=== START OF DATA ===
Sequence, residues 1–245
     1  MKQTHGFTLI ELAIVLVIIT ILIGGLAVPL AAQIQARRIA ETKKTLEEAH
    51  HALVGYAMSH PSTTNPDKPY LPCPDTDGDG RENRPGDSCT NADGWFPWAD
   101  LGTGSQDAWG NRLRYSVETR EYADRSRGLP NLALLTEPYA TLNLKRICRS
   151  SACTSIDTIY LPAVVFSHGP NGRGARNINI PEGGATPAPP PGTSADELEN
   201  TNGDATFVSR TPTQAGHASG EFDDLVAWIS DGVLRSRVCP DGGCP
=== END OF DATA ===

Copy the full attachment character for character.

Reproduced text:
Sequence, residues 1–245
     1  MKQTHGFTLI ELAIVLVIIT ILIGGLAVPL AAQIQARRIA ETKKTLEEAH
    51  HALVGYAMSH PSTTNPDKPY LPCPDTDGDG RENRPGDSCT NADGWFPWAD
   101  LGTGSQDAWG NRLRYSVETR EYADRSRGLP NLALLTEPYA TLNLKRICRS
   151  SACTSIDTIY LPAVVFSHGP NGRGARNINI PEGGATPAPP PGTSADELEN
   201  TNGDATFVSR TPTQAGHASG EFDDLVAWIS DGVLRSRVCP DGGCP